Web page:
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The Journal of the British Astronomical Association, 2021 August

Volume 131, Number 4

From a curious pair of novae and a planet that never was, to upheaval on Jupiter and rediscovering the joy in observing.

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Selected highlights from this Journal:

Also in this issue

Refereed Papers

Observing the 2017–’19 primary eclipse of VV Cephei with a low-resolution spectroscope
The 2017–’19 primary eclipse of the red supergiant star VV Cephei has been monitored with low-resolution spectroscopy, by following changes in the hydrogen Balmer emission lines in the spectrum. A number of characteristics of the binary system are derived from the high cadence of observations, including a surprising estimate of 7,425 days for the orbital period since the midpoint of the last eclipse. The appearance of the spectrum near mid-eclipse has also provided a means to estimate interstellar reddening.
Hugh Allen
The 2019–’20 eastern elongation of Venus, Part II: Observations of the nightside
Presented here is an analysis and discussion of observations made of the nocturnal hemisphere during the 2019–’20 eastern elongation of Venus. These observations of the infrared thermal emission are crucial to the Section’s aim of investigating active volcanism on the planet. We also discuss research by professional astronomers at the Swiss Federal Institute of Technology, supporting the idea of active volcanism, and how the results obtained by Section members thus far support this conjecture.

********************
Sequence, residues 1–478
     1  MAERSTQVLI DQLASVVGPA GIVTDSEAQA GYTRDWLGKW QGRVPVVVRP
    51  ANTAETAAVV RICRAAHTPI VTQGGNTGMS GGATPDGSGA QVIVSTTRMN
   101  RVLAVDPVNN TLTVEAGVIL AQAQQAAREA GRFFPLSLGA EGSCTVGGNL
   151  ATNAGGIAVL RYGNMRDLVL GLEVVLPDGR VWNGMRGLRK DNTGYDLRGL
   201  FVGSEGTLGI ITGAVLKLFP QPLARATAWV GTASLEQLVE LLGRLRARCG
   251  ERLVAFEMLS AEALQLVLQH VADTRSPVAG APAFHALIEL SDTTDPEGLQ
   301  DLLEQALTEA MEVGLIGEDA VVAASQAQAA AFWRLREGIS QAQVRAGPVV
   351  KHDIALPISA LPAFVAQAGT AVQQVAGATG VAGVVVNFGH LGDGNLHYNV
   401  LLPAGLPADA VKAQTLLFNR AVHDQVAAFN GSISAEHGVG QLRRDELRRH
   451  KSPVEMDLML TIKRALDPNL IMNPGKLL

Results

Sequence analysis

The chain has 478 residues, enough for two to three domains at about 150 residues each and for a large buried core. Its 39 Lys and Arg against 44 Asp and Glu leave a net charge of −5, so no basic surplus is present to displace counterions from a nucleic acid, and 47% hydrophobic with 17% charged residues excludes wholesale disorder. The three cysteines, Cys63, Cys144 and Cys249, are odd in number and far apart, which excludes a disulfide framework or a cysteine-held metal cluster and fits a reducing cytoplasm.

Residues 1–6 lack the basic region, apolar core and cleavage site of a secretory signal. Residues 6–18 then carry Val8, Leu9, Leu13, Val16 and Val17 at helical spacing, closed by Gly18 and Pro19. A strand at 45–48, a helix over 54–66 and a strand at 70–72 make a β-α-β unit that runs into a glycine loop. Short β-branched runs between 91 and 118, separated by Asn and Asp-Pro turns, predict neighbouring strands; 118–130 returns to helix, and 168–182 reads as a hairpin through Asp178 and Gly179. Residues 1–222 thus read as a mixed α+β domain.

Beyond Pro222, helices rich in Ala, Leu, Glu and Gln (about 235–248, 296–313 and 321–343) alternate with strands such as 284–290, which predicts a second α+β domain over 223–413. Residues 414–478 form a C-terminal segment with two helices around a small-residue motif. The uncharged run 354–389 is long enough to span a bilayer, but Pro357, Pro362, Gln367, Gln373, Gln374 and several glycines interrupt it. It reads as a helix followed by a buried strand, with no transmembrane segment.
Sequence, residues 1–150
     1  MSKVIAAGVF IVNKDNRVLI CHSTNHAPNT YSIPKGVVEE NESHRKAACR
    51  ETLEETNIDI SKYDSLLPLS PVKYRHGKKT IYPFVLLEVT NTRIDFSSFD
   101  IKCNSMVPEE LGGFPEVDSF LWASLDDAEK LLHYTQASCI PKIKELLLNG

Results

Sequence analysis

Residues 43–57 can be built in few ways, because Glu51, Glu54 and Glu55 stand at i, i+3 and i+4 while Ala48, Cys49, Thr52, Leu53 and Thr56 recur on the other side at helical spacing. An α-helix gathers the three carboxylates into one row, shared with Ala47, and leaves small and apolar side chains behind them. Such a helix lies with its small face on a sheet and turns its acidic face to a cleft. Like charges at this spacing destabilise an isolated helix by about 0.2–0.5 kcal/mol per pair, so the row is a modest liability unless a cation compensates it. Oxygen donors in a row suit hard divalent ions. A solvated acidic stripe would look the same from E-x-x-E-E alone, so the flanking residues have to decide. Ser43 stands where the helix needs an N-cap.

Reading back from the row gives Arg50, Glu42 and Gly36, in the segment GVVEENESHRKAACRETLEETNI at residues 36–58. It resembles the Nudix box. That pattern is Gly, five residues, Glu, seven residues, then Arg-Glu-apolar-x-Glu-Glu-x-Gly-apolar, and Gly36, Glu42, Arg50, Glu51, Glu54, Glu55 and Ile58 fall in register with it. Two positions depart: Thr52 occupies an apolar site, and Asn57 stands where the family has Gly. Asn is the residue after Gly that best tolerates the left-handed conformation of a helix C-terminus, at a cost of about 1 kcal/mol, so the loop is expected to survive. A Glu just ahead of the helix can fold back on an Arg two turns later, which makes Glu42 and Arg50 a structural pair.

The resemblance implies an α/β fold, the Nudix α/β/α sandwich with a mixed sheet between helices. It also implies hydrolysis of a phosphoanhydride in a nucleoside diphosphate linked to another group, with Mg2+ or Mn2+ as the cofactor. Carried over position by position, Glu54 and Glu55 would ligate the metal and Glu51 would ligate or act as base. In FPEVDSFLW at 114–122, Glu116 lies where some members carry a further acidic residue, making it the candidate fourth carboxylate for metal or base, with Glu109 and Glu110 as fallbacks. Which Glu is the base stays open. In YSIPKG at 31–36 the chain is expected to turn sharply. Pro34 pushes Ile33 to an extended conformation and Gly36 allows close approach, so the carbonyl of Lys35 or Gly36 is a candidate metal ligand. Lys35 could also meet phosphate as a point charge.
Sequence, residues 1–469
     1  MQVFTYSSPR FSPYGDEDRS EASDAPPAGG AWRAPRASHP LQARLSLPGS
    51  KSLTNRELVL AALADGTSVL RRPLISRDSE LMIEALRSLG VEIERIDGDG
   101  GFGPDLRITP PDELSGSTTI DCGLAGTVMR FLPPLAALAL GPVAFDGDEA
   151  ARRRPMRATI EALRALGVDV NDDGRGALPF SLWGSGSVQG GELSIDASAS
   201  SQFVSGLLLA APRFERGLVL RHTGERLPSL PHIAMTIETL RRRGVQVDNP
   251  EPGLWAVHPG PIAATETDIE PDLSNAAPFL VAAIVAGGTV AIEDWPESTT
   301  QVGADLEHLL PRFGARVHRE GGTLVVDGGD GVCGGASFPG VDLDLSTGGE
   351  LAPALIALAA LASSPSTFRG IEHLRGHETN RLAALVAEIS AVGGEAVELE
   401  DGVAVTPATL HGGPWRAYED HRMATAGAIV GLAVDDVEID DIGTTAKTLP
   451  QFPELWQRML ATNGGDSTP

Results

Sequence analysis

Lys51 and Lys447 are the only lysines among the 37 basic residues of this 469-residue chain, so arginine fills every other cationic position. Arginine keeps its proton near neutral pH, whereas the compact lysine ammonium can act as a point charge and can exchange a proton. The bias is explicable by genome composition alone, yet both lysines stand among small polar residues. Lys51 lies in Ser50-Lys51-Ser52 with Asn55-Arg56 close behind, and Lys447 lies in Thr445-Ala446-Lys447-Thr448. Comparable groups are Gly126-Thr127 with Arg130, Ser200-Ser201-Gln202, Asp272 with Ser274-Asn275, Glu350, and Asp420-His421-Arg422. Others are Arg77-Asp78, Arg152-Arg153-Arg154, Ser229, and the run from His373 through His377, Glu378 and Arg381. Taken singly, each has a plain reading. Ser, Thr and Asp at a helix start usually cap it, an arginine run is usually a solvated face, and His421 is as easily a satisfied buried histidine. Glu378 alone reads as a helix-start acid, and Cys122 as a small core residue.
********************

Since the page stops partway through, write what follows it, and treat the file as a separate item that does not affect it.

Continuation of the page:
Paul G. Abel
The opposition of Mars, 2016: Part I
The opposition of 2016 May 22, during Martian Year 33, was the last in a series of aphelic approaches. There had been no obvious albedo changes since the previous opposition. The light yellow area of dust fallout on the NW side of Elysium showed an obvious opposition brightening, and there was also a brightening of the outer rim of Olympus Mons. Three of the various dust storms commenced in unusual or unique locations: in particular, a Regional one in SW Arcadia, and two around Mare Sirenum. A darkening and broadening of Mare Serpentis and a reappearance of Pandorae Fretum resulted from a Regional storm in September. There was no planet-encircling event, but just beyond the recognised seasonal limit for this phenomenon, two Regional events began in the north and expanded in the south; these occurred unusually close together in time. Part II will discuss meteorological aspects and the behaviour of the polar regions.
Richard McKim
Reginald Lawson Waterfield (1900–1986), eclipse chaser & comet photographer extraordinaire: Part II: 1939–’86
‘Reggie’ Waterfield was the BAA’s 33rd president and its most prolific comet photographer from the 1930s to the 1980s. He was also an eclipse chaser and a leading haematologist. Part II covers the World War II era, Reggie’s fight back from a devastating illness, his BAA presidency, and the establishment of a dedicated team of comet photography assistants. The numbering of figures and references continues consecutively from those in Part I [131(3), 158–170 (2021)].
Martin Mobberley